PUBLICATIONS
Books
The Independent Review
(Quarterly Journal)
Policy Reports
The Lighthouse
(Email Newsletter)
Commentary Articles
News Releases
Audio and Visual Programs
The Independent
(Quarterly Newsletter)
Research Articles
Working Papers
Course Adoption Program




Subscribe



Commentary
Facebook Facebook Facebook Facebook

Contribute
Your participation will advance liberty. Join us as an Independent Institute member.



Contact Us
The Independent Institute
100 Swan Way
Oakland, CA 94621-1428

510-632-1366 Phone
510-568-6040 Fax
Send us email


Interested in working with us?  Click here for more information.

Bookmark and Share    

Hunters-Gatherers: The Original Libertarians
By Thomas Mayor
This article appeared in the Spring 2012 issue of The Independent Review


Abstract

Hunter-gatherer societies can shed light on one of the most fundamental issues bearing on political economy—whether man is better adapted to individualism or to collectivism. The evidence suggests that for millennia before the agricultural revolution, man lived in a state of political autonomy and economic freedom and acted basically as a self-interested individualist, not as the altruist depicted in much of the socialist literature.


Article

In this article, I ask a perennial yet still unresolved question: What version of political economy—collectivist or individualistic—is more consistent with man’s basic nature? Does man naturally respect an individual’s right to the products of his own efforts, or does he believe that others have a higher claim on those products? Is he genetically programmed to be an independent decision maker, or does he feel more comfortable in a passive role, following a strong leader? To be sure, philosophers and political theorists have given different answers to these questions, but almost always without significant supporting evidence. I argue here that such evidence does exist and may in fact be obtained by applying basic principles of evolutionary biology to the voluminous ethnographic literature available in the field of anthropology.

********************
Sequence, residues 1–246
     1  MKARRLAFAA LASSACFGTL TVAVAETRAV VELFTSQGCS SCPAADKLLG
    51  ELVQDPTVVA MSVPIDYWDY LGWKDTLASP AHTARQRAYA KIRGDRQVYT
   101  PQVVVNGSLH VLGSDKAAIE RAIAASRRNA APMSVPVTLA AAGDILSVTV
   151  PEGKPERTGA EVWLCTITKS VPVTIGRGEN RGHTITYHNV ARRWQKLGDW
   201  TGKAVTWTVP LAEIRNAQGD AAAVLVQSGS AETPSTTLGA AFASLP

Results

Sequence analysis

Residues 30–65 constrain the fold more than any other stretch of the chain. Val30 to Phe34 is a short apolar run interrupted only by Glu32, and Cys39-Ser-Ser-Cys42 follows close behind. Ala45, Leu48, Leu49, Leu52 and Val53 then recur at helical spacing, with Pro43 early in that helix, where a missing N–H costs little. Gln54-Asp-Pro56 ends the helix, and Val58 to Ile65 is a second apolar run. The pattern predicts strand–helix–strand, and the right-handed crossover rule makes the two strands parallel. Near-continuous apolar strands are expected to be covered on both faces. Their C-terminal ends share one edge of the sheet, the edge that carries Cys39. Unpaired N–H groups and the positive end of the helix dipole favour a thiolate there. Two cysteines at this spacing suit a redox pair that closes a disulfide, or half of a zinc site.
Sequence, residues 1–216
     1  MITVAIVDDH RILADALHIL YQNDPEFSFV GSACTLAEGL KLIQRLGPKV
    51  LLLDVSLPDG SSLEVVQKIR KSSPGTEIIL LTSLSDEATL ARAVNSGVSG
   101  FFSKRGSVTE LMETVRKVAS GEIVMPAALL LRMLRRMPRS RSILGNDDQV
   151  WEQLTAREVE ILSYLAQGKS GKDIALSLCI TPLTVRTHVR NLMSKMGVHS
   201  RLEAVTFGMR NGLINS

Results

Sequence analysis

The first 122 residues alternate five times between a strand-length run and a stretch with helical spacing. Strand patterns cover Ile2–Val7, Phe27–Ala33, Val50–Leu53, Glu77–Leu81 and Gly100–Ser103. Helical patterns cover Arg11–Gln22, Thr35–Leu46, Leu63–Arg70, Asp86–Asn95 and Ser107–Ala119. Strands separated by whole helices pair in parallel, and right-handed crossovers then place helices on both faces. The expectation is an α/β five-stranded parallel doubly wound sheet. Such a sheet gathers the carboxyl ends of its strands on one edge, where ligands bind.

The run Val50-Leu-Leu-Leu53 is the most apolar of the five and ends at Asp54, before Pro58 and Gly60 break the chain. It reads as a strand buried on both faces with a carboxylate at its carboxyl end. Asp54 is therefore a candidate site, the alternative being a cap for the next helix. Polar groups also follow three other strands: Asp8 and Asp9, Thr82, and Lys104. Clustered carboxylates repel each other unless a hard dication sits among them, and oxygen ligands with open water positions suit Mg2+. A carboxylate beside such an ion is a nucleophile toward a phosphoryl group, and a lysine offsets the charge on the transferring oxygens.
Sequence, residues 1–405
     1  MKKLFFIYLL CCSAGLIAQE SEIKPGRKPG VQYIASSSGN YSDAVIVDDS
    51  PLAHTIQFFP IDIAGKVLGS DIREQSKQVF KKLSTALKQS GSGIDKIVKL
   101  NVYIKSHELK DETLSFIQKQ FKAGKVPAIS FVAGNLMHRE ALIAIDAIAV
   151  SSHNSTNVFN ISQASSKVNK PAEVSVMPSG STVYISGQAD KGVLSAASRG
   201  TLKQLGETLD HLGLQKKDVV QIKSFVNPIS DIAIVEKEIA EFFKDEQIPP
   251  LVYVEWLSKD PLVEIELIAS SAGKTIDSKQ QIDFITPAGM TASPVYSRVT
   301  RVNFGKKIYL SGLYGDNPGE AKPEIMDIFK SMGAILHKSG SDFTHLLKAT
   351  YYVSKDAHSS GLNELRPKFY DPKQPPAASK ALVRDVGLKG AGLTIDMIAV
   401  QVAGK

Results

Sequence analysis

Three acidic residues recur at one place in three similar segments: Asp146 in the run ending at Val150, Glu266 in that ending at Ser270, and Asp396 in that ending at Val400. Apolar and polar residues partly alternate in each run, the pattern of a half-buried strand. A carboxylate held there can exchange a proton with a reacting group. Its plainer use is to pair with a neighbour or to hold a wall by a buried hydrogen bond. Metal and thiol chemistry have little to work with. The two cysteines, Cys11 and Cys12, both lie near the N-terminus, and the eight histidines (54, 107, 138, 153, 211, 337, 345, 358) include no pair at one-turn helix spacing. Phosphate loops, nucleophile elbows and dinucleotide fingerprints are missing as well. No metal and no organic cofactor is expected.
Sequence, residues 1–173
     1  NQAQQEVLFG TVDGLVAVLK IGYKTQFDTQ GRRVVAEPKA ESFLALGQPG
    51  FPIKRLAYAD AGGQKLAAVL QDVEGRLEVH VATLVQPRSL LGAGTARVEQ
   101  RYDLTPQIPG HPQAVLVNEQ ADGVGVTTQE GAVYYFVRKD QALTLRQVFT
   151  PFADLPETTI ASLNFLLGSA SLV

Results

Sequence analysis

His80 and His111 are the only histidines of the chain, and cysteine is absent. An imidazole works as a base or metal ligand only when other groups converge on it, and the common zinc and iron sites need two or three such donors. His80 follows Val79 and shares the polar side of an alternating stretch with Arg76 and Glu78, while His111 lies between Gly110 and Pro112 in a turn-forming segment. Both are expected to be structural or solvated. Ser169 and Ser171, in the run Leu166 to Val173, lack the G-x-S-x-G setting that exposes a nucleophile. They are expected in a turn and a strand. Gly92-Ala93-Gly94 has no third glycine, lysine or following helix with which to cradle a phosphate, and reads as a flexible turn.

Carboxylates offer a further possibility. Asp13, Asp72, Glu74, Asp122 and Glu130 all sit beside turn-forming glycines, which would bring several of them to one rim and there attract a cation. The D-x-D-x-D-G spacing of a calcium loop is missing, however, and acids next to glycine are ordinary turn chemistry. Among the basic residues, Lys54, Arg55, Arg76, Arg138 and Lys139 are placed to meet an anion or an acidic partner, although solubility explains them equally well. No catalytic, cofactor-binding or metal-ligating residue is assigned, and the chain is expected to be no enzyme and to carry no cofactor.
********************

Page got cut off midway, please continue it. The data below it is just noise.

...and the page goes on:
Archaeological and biological evidence suggests that humans, defined by Richard Leakey as upright apes, first appeared about seven million years ago (1994, xiii). Since then, with the exception of perhaps the past ten thousand years, it is likely that man lived in small, kinship-based hunter-gatherer bands. In such an environment, over such a long period of time, man would have evolved patterns of behavior and socioeconomic institutions that promoted survival in hunter-gatherer or foraging societies. We must conclude, therefore, that modern man is, in a fundamental, biological sense, a hunter-gatherer. To understand modern man in his entirety, we must understand him in his primitive condition, long before the advent of civilization a scant five to ten thousand years ago.

...




Volume 16 Number 4
Spring 2012

Subscribe Today

Buy Single Issues

Independent Review Issues

Articles by Subject

Independent Review Articles on Related Subjects




Home | About Us | Blogs | Issues | Newsroom | Multimedia | Events | Publications | Centers | Students | Store | Donate

Product Catalog | RSS | Jobs | Course Adoption | Links | Privacy Policy | Site Map
Facebook Facebook Facebook Facebook
Copyright 2014 The Independent Institute